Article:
Special Issue "Viral and Host Factors Driving the Emergence and the Evolution of the SARS-CoV-2 and Other Coronaviruses"

A special issue of Viruses (ISSN 1999-4915). This special issue belongs to the section "SARS-CoV-2 and COVID-19".

Deadline for manuscript submissions: 30 April 2022.

Special Issue Editor

Dr. Corinne Ronfort
E-Mail Website
Guest Editor
1. Animal Health Dept. UMR IVPC, University of Lyon I, French National Research Institute for Agriculture, Food and Environment, 69007 Lyon, France
2. AIOVA sas, University of Grenoble, 570 rue de la Chimie, 38300 Saint Martin d’Hèyres, France
Interests: infectiology; molecular and cellular biology; virology; emerging and re-emerging viral infections; vaccines; SARS-CoV; retro- and lentiviruses; influenza; gene therapy; gene transfer vectors

Special Issue Information

Dear Colleagues,

Eighteen months ago, humanity was facing the emergence of the Severe Acute Respiratory Syndrome Coronavirus 2 (SARS-CoV-2), the causative agent of the COVID-19 pandemic. This emergence, from an animal reservoir, is the third in just two decades after the SARS-CoV-1 in 2002 and the MERS in 2012. Thus, new SARS pandemics are likely to occur in the future.

SARS viruses undergo continuous genetic changes. Thousands of SARS-CoV-2 variants have been detected by laboratory screening. Four of them (from United Kingdom, South Africa, Brazil and India) that may have enhanced transmission and pathogenicity are emerging and are of great concern. Regarding the vaccines authorized to date for an emergency use, there is also concern about the reduction in vaccine-induced immune protection to emerging variants.

The complex questions to explore are : (i) what makes a SARS virus transmissible from one species to another, and (ii) which factors drive mutation, evolution and emergence of SARS. Understanding these questions will provide us with better tools to controlling COVID.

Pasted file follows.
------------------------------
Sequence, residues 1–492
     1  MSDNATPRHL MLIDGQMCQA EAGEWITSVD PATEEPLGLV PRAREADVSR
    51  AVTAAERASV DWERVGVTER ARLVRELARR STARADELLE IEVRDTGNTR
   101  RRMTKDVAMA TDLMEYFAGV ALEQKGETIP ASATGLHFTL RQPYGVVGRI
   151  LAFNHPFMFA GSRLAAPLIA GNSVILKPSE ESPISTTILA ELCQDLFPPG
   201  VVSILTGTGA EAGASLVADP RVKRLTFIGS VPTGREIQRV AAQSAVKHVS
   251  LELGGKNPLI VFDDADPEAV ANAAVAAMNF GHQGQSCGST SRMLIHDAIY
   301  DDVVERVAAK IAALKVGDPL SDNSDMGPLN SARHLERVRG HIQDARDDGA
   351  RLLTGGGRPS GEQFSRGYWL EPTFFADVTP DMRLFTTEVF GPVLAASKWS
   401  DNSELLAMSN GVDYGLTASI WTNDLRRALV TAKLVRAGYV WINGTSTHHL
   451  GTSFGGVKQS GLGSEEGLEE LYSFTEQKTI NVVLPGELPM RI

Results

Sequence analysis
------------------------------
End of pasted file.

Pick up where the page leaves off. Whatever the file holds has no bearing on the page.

The aim of this special issue is to provide data on the viral, cellular and host factors involved in the emergence and evolution of the SARS viruses. Several factors are in question such as the viral dynamic, the RNA nature of the virus - ability to mutate, the role of co-infections and recombinations -, host and cellular restriction factors as well as host immunity and immune escape.

Papers focusing on animal coronaviruses that may be relevant to SARS-CoV-2 are welcome.

Dr. Corinne Ronfort
Guest Editor

Manuscript Submission Information

Manuscripts should be submitted online at www.mdpi.com by registering and logging in to this website. Once you are registered, click here to go to the submission form. Manuscripts can be submitted until the deadline. All papers will be peer-reviewed. Accepted papers will be published continuously in the journal (as soon as accepted) and will be listed together on the special issue website. Research articles, review articles as well as short communications are invited. For planned papers, a title and short abstract (about 100 words) can be sent to the Editorial Office for announcement on this website.

Submitted manuscripts should not have been published previously, nor be under consideration for publication elsewhere (except conference proceedings papers). All manuscripts are thoroughly refereed through a single-blind peer-review process. A guide for authors and other relevant information for submission of manuscripts is available on the Instructions for Authors page. Viruses is an international peer-reviewed open access monthly journal published by MDPI.

Please visit the Instructions for Authors page before submitting a manuscript. The Article Processing Charge (APC) for publication in this open access journal is 2200 CHF (Swiss Francs). Submitted papers should be well formatted and use good English. Authors may use MDPI's English editing service prior to publication or during author revisions.

Keywords

  • COVID-19
  • SARS-CoV-2, SARS, MERS
  • biology of SARS CoV-2 and other coronaviruses
  • emergence
  • viral evolution, variants
  • host factors
  • innate and adaptive immunity
  • crossing of the species barrier

Published Papers (2 papers)

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Research

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Article